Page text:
Who are the best teams outside of the GHSA?

Outside of the GHSA, there are two other leagues that are the ultimate unknown: GISA and GICAA. The 2016-17 season saw all three leagues crossover and have the opportunity to schedule each other after new GHSA legislation. Both divisions don’t have the attendance numbers or level of talent to compete with the public schools of the GHSA, but the very top 1% has proven they can play with some of the GHSA’s better programs.  With these “new” opponents in the fold, who are the best non-GHSA schools in the state?

Holy Spirit Prep – 19-3 – GISA AAA State Champions

Notable GHSA Games: Statesboro 71-52 (W); McEachern 50-37 (L); Greenforest 55-52 (L)
Notable GISA Games: Heritage School 56-36/53-48/63-44 (W), 54-46 (L)

From talking to people in GISA circles, Holy Spirit Prep (Atlanta) is considered the best of the best. They are loaded with D-I prospects in 6-foot-8 forwards Kamani Johnson (Former Kentucky Wildcat and current NBA D-Leaguer Dakari’s little brother) and George Maslennikov, both All-State selections as juniors. Denys Bobchuk is another big body at 6-foot-7. The Cougars’ most sought after player is 2020 SG Anthony Edwards. Edwards transferred in mid-season after averaging 25 points per game at Therrell. He moved in once Brandon Boston left for Norcross. Edwards is a 6-foot-3 scoring machine who is one of the top prospects in his class. Jerique Walker graduates this summer after earning All-State honors, but All-Region selection Kye Jeremiah is a tough rising junior in the backcourt that can finish through contact when slashing to the basket. All-in-all, Holy Spirit Prep has the talent to hang with anybody. McEachern pulled away late from them and Greenforest could never garner enough separation to win comfortably.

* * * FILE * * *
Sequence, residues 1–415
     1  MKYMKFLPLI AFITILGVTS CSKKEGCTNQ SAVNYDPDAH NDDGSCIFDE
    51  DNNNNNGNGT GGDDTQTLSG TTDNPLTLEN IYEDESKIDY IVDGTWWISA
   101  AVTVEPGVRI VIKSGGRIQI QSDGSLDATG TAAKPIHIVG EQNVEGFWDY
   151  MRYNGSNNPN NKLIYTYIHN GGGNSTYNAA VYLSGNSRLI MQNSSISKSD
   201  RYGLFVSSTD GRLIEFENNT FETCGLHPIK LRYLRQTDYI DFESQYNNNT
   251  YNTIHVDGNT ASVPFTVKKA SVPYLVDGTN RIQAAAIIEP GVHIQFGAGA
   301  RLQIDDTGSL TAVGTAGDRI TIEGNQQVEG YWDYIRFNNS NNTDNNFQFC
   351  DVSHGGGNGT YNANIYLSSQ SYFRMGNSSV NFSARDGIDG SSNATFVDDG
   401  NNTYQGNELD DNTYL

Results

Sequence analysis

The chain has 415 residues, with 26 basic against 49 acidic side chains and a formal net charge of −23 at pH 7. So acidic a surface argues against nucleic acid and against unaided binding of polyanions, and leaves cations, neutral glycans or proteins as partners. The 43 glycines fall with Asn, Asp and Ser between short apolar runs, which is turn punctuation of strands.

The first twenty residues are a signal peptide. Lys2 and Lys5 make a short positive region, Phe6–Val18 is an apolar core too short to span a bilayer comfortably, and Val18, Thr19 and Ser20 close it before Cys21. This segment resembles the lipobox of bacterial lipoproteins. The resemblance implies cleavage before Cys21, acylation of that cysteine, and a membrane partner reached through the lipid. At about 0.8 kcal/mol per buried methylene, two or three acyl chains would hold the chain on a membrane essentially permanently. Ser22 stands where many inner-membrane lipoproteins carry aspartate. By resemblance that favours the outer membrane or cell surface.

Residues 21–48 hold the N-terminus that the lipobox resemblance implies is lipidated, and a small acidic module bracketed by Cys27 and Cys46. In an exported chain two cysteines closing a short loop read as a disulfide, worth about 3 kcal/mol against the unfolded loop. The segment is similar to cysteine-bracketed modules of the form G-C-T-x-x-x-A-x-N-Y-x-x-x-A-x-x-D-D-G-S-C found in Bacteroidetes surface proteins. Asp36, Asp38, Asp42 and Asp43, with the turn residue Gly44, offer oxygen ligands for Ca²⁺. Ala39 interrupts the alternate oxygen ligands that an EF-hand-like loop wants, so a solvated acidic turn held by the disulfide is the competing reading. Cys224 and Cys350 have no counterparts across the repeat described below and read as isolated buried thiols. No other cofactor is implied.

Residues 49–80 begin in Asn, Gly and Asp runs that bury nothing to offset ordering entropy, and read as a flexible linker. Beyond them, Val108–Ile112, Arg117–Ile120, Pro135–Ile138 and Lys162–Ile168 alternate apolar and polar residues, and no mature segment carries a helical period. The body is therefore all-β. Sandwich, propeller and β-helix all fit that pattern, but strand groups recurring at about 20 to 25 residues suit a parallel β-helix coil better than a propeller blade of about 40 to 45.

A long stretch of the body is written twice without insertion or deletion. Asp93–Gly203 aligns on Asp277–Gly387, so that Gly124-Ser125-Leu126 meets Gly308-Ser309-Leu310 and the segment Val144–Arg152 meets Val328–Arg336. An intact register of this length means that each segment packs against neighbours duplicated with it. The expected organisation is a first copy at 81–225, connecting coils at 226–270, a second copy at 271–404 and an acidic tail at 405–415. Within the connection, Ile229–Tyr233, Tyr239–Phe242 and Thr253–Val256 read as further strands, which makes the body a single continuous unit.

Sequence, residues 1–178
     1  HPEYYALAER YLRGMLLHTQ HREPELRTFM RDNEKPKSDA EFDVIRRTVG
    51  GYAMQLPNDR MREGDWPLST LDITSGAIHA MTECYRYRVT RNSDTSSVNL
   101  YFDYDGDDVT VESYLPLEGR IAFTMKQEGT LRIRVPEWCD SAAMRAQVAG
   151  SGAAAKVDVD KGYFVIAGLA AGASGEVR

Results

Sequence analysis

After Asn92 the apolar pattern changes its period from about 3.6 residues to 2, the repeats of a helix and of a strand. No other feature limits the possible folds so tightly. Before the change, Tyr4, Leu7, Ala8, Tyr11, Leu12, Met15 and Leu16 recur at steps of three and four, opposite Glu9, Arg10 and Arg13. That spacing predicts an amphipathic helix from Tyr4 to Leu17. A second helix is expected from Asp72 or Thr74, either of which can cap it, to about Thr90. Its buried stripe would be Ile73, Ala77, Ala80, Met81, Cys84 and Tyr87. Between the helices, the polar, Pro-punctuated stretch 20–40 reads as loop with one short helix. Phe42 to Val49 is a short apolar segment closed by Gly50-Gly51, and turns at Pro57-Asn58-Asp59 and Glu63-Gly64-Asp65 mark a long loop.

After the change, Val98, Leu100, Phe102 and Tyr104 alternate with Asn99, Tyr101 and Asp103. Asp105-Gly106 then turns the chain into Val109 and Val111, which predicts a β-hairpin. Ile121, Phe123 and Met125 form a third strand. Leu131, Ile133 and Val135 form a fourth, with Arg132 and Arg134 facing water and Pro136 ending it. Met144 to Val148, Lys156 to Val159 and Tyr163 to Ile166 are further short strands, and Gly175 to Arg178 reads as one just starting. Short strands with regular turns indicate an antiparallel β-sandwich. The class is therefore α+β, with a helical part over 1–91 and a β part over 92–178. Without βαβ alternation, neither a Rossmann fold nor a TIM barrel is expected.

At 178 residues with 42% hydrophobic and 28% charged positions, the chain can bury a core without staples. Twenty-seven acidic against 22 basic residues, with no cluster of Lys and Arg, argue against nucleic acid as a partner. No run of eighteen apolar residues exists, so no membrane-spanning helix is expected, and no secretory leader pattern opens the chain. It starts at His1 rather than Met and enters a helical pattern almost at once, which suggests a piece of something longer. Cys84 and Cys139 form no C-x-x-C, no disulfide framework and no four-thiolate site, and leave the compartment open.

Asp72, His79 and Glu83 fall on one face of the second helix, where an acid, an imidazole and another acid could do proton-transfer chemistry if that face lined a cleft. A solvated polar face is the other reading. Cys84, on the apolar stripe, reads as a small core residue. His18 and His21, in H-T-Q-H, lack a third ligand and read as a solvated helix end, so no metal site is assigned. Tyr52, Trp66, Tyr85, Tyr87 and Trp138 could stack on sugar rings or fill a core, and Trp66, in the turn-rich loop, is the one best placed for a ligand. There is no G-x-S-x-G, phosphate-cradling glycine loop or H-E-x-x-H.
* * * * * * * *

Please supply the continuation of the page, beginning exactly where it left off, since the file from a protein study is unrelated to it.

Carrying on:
Heritage School – 21-10 – GISA AAA Runner-Up

Notable GHSA Games: Meadowcreek 66-59 (L); Decatur 66-44 (W); Chamblee 51-40 (L); Newton 81-58/78-70 (L)
Notable GISA Games: Holy Spirit Prep 56-36/53-48/63-44 (L), 54-46 (W)